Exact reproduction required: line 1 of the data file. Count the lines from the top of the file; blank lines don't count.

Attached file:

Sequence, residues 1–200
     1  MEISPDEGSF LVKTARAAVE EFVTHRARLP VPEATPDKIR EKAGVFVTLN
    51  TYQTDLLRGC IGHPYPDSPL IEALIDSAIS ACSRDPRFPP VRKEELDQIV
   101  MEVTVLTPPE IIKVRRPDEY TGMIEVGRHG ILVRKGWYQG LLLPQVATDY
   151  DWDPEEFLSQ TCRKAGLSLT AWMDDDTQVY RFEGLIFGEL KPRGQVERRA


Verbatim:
Sequence, residues 1–200